world cup 1986

The 1986 FIFA World Cup was the thirteenth FIFA World Cup and was held in Mexico between 31 May to 29 June 1986. Mexico were the first country to host the FIFA World Cup for a second time. The tournament was won by Argentina, who claimed their second title defeating West Germany 3–2 in the final in the Estadio Azteca, Mexico City.

Host selection

Colombia were the only country who expressed an interest in hosting the 1986 FIFA World Cup, a bid which was ratified at the FIFA Executive Committee meeting in Stockholm, Sweden on 9 June 1974. However, following the expansion to a 24-team tournament, Colombia withdrew on 5 November 1982 citing financial reasons.

Following a request of interest by FIFA, three bids were received from Canada, Mexico and the United States of America.

In a meeting of the FIFA Executive Committee in Zürich, Switzerland on 20 May 1983, Mexico's bid won a unanimous vote to become hosts.

One hundred and twenty one1 countries entered the qualifying competition.

The hosts, Mexico, and the defending champions, Italy, qualified automatically. Of the remaining 22 places, 12 were allocated to Europe (UEFA), four to South America (CONMEBOL), one to the North and Central American and Caribbean (CONCACAF), two to Africa (CAF) and two place to the Asian (AFC) whilst one qualifier from UEFA would face one Oceania Football Confederation (OFC) team in an intercontinental play off for the final place.

Israel and Chinese Taipei would play in the OFC qualifying campaign.


Thirty three European teams entered the 1986 FIFA World Cup. Holders, Italy, qualified automatically for the tournament and the remaining 32 teams were divided into 7 groups.

Groups 1, 5 and 7 had 4 teams each where the group winners would qualify. The runners-up of Groups 1 and 5 would advance to the UEFA Play-offs, while the runner-up of Group 7 would advance to the UEFA / OFC Intercontinental Play-off.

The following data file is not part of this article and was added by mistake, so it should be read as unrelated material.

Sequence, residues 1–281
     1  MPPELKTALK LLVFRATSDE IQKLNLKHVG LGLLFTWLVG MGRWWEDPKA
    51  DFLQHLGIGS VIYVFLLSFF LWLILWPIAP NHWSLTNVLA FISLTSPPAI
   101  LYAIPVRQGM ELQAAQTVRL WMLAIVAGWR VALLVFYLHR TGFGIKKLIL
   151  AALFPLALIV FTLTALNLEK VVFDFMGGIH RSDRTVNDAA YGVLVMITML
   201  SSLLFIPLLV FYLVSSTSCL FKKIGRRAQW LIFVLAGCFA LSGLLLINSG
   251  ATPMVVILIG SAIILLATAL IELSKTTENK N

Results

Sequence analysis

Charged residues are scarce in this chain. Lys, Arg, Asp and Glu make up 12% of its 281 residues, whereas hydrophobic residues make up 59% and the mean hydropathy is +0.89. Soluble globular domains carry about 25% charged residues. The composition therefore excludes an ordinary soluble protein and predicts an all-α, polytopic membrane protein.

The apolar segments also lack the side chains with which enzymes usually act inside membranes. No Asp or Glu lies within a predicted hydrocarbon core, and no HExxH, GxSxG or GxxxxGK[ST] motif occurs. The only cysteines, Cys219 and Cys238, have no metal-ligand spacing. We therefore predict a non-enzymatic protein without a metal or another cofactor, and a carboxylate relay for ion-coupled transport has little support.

Groups 2, 3, 4 and 6 had 5 teams each. The group winners and runners-up would qualify.

Wales were placed in Pot C as third seeds and were drawn in Group 7 alongside Spain, Scotland and Iceland.

Uefa qualifying Group 7

no.datescorescorers (wales)venue 
38912/09/1984Iceland 1-0 Wales Laugardalsvöllur, ReykjavikWCQ
39017/10/1984Spain 3-0 Wales Estadio Benito Villamarín, SevillaWCQ
 17/10/1984Scotland 3-0 Iceland Hampden Park, GlasgowWCQ
 14/11/1984Scotland 3-1 Spain Hampden Park, GlasgowWCQ
39114/11/1984Wales 2-1 IcelandM Thomas, M HughesNinian Park, CardiffWCQ
 27/02/1985Spain 1-0 Scotland Estadio Ramón Sánchez Pizjuán, SevilleWCQ
39327/03/1985Scotland 0-1 WalesRushHampden Park, GlasgowWCQ
39430/04/1985Wales 3-0 SpainRush (2), M HughesRacecourse Ground, WrexhamWCQ
 28/05/1985Iceland 0-1 Scotland Laugardalsvöllur, ReykjavikWCQ
 12/06/1985Iceland 1-2 Spain Laugardalsvöllur, ReykjavikWCQ
39610/09/1985Wales 1-1 ScotlandM HughesNinian Park, CardiffWCQ
 25/09/1985Spain 2-1 Iceland Estadio Benito Villamarín, SevilleWCQ

Group standings

Wales and the 1986 World Cup